New Zealand: More than four in five women deem their financial well-being as very low to moderate

| 11 Jan 2022

Over 80% of female respondents to a survey on finances consider their financial well-being as moderate to very low and over 65% consider the same about their overall wellbeing, according to a study by the Financial Services Council (FSC).

Just under 64% of female respondents worry about money at least monthly and over 70% feel that financial wellbeing influences their overall well-being, said the report on the study, titled "Money and You – Women and Financial Wellbeing" in New Zealand.

The FSC found that more than 60% of female respondents said they worry about money daily, weekly or monthly, and a similar proportion (62%) of female respondents said they did not feel prepared for retirement. The study noted that money worries tended to decrease with age.

“This report is the first time we’ve shone a light on gender and financial wellbeing in New Zealand, following the recent launch of the FSC’s diversity and inclusion initiative with the campaign #itstartswithaction and our commitment to support Te Ara Ahunga Ora Retirement Commission's National Strategy for Financial Capability,” said the report.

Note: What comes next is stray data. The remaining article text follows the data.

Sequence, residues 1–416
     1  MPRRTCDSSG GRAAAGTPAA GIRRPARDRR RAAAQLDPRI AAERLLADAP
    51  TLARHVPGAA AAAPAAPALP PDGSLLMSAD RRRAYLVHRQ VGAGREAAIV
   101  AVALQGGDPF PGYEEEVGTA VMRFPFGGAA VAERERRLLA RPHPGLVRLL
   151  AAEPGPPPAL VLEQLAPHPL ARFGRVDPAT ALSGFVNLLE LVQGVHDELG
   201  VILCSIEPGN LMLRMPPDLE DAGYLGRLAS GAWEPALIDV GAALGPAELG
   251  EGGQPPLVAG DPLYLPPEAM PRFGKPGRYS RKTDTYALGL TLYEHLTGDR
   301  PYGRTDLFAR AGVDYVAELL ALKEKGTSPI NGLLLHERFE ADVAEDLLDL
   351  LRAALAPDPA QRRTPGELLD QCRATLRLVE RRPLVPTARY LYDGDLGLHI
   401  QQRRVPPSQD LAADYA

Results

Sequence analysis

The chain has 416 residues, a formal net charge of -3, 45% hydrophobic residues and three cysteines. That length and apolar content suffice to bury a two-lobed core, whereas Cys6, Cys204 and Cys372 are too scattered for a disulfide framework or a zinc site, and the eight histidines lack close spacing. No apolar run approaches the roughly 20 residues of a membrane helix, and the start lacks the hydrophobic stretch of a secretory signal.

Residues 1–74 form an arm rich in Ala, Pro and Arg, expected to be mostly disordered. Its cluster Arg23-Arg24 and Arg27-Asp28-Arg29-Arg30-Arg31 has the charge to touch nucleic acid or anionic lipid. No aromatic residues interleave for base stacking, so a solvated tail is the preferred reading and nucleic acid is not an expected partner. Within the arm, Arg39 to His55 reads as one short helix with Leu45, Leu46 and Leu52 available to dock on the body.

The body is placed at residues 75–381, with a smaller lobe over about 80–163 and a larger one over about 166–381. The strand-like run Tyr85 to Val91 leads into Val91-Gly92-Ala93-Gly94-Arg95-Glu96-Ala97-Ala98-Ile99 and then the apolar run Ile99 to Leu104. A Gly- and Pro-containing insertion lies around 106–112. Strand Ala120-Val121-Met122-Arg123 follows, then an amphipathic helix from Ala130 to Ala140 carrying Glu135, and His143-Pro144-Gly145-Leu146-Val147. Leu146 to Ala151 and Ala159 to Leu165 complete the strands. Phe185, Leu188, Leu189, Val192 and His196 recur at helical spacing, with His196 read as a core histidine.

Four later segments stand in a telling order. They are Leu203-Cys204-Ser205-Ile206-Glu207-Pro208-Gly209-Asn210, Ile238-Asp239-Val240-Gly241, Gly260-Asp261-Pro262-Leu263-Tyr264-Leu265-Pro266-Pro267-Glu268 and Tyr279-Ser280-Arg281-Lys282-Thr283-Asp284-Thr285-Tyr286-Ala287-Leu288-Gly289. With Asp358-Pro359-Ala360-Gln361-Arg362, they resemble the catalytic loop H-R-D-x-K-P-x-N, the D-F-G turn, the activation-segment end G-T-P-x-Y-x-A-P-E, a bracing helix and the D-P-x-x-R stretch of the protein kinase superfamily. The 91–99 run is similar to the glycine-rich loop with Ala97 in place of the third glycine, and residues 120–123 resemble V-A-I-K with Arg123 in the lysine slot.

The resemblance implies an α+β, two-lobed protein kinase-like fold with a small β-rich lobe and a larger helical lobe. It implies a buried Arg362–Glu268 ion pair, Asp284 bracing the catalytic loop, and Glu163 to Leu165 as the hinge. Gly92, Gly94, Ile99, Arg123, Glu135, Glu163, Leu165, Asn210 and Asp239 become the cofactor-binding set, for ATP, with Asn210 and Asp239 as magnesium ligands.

The field research was undertaken in April 2021 with just over 2,000 New Zealand respondents and the subsequent report reveals four key areas of discovery:

  • Firstly, despite female respondents rating their financial confidence and wellbeing lower than male respondents, research in the sector shows women are engaged with budgeting, saving and investing, pointing to a potential gap between their perception of their financial confidence and the reality.
  • Secondly, women tend to be more risk-averse when it comes to money. This research indicates a comparative cautiousness in their likelihood to invest through newer digital platforms and riskier investments such as cryptocurrency.
  • The third area highlights issues around the suitability of KiwiSaver and other financial products for those with interrupted, part-time or self-employed work. Women tend to have more interrupted working lives, with many taking the role of primary carer for children and extended family. This begs the question: are savings products geared up to enable a level playing field for all?
  • The final area of discovery is the ongoing and often reported issue of the gender pay (and savings) gap. This research highlights that the gap can be driven because of several reasons including lower salaries and the structure of household finances. Reduced retirement savings result from interrupted work patterns leading to lower employer and employee contributions, and impact women's preparedness for retirement – especially if widowed or separated from a partner.